Jakkai Siributr is one of Southeast Asia’s leading contemporary artists working primarily in the textile medium. His fascination with textiles and embroidery began as a child in Bangkok, and he went on to study textile design in college and graduate school in the United States before returning to Thailand. He is noted for producing meticulously handmade tapestry and installation works that make powerful statements about religious, social, and political issues in contemporary Thailand. A main preoccupation of his art is the interaction of Buddhism and materialism in modern life, and the everyday popular culture of Thailand.
Jakkai has received increasing critical attention since his 2008 solo exhibition with Tyler Rollins Fine Art, Temple Fair, which was covered by such major publications as Time Magazine and the Financial Times. A highlight of 2009 was his participation as a featured artist in the 2009 Asian Art Biennial at the National Taiwan Museum of Fine Arts, where his work was shown with noted artists from across Asia, such as Subodh Gupta and Xu Bing. A group exhibition in Thailand presented his works alongside those of multimedia artists from Thailand and India, and in the United States, his works were on exhibit in Miami and at the Rubin Museum in New York. Jakkai returned with a new show in the gallery in 2010. The exhibition, entitled Karma Cash & Carry, featured a new series of textile compositions alongside installation and video works. Alluding to the way contemporary Thai popular religion incorporates such practices as fortune telling and winning lottery number prediction, Jakkai organized the exhibition around his conception of a karmic convenience store, where merit can be bought and sold. He made use of found objects associated with bringing good fortune, integrating them into his elaborate compositions of Thai fabrics, embroidery, and hand stitched sequined work. Jakkai’s hand stitching is an incredibly detailed and time consuming process – which he likens to a meditative practice – and this limits his annual production to only a handful of works. He maintains a rigorous connection to traditional Thai craft techniques while making a strong commentary on contemporary issues. In 2014 Jakkai presented his third solo exhibition with the gallery, Transient Shelter. The exhibition featured a series of self-portrait photographs that had him “embodying” the elaborately embroidered and ornamented uniforms that were also part of the exhibition, along with a video work. The exhibition was a meditation on the transience of worldly success and the way the trappings of social status are often imbued with quasimystical associations that maintain a link with animistic beliefs. The works were subsequently featured in the group exhibition, The Roving Eye, at ARTER Space for Art in Istanbul, Turkey (2014-2015).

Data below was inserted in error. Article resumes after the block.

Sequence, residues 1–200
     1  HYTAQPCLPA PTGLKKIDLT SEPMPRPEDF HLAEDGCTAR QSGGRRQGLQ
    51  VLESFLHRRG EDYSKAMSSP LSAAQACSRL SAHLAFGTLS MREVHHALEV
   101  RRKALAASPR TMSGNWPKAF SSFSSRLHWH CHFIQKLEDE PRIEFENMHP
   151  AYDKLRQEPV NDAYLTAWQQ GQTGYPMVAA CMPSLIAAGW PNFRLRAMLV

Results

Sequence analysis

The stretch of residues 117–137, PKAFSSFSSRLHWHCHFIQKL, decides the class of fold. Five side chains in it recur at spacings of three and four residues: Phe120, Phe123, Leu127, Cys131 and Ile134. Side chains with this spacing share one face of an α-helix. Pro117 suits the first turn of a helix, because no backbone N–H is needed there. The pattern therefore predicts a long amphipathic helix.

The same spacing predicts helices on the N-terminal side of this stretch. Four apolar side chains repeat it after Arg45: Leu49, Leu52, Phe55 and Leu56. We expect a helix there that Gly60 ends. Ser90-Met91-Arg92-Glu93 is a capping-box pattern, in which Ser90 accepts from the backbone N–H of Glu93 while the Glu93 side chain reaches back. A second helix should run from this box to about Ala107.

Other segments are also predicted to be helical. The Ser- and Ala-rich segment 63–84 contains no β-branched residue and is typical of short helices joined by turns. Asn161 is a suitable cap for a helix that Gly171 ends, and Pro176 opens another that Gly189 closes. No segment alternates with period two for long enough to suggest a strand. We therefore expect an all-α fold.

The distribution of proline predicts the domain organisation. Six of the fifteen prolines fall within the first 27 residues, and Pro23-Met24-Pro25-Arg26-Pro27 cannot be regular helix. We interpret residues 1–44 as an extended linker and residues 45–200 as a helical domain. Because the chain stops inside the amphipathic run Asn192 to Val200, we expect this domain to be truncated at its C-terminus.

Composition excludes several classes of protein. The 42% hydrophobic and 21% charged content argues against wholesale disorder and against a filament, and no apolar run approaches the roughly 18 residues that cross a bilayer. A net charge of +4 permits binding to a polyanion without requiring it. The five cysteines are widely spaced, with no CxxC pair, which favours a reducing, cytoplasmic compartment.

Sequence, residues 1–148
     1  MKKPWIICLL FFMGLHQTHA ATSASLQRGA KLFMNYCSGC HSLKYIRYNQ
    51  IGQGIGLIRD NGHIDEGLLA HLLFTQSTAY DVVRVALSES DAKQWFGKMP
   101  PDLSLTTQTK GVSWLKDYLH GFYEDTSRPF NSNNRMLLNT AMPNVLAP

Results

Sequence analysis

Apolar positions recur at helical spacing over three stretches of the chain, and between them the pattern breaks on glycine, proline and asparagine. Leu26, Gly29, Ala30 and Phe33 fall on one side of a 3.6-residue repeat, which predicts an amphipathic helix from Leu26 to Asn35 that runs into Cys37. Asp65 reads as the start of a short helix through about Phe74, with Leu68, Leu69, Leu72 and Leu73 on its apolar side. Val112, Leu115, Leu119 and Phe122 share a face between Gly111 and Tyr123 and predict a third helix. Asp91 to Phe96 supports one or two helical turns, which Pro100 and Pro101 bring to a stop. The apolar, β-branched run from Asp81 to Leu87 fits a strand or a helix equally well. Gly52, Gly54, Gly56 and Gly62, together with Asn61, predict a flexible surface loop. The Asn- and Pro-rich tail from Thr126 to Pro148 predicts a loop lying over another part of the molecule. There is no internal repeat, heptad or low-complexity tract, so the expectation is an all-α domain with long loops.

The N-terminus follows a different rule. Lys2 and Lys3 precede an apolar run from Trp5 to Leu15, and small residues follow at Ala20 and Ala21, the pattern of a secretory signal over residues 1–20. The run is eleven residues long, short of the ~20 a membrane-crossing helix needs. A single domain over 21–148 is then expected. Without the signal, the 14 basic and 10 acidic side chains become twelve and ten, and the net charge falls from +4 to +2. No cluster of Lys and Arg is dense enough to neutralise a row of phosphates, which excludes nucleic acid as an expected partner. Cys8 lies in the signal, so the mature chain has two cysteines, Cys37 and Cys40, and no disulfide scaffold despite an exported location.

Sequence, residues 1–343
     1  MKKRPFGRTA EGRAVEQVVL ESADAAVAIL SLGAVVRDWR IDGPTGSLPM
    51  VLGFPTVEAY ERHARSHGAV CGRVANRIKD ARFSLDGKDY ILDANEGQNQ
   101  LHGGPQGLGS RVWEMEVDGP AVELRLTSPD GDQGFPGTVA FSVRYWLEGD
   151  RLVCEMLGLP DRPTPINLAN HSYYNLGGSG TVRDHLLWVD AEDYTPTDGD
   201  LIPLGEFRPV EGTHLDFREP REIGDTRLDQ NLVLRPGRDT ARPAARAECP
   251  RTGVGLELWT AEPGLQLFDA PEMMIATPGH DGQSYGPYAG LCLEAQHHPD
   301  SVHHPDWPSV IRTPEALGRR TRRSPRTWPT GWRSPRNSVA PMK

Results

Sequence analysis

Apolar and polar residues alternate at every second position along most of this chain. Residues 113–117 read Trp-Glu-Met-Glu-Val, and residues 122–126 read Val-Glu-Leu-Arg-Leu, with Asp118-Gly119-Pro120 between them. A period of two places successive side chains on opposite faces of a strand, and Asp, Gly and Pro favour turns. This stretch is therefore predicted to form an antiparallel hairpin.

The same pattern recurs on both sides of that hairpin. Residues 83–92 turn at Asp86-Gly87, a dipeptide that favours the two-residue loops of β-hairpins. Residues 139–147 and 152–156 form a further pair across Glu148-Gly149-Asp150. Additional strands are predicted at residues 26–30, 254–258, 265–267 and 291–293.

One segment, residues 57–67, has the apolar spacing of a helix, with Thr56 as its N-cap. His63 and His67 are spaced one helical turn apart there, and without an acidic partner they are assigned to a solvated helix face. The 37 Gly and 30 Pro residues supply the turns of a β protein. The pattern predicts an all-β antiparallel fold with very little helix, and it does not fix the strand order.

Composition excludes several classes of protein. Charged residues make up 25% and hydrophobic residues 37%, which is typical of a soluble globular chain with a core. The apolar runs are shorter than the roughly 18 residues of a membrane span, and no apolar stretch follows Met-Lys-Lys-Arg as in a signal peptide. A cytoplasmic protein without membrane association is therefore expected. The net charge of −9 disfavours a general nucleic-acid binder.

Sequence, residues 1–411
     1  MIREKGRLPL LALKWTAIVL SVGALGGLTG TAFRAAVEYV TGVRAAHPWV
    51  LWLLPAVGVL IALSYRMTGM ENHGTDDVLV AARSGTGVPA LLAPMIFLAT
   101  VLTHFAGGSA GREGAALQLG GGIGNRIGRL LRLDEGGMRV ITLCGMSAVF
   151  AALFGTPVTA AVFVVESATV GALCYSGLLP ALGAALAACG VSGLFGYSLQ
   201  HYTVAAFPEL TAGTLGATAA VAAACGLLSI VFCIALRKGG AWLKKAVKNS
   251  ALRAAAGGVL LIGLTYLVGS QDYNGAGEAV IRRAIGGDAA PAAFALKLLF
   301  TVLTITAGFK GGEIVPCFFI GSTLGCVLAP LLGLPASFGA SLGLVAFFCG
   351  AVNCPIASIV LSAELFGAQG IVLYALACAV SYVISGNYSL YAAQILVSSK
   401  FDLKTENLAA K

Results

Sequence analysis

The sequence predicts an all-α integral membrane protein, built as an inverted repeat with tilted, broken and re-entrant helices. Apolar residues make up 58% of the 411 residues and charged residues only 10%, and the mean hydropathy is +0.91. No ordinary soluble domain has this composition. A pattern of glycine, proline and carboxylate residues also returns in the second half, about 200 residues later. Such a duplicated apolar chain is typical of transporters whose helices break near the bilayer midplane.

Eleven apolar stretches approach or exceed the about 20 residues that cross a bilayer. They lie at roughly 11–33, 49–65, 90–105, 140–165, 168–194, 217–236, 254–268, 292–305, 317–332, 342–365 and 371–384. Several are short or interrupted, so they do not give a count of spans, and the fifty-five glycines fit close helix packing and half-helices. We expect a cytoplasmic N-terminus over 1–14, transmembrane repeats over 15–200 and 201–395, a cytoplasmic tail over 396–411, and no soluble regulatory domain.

In 2011, Jakkai’s work was featured in the exhibition, Here / Not Here: Buddha Presence in Eight Recent Works, at the Asian Art Museum of San Francisco, and in a major solo exhibition, Shroud, at the Art Center, Chulalongkorn University, Bangkok, Thailand. He was also a participating artist in the 2nd Chongqing Youth Biennial Art Exhibition (2011). In 2012, his work was seen in Phantoms of Asia: Contemporary Awakens the Past at the Asian Art Museum of San Francisco and Exploring the Cosmos: The Stupa as a Buddhist Symbol at the Asian Civilisations Museum, Singapore. Recent exhibitions include: DISPLACED the politics of ethnicity and religion in the art of Jakkai Siributr, Bangkok Art and Culture Centre, Bangkok, Thailand (2017); Farewell: The Art Center’s Acknowledgments 1995-2016, The Art Center, Chulalongkorn University, Bangkok, Thailand (2016); and First Look: Collecting Contemporary at the Asian, Asian Art Museum, San Francisco, CA, (2015).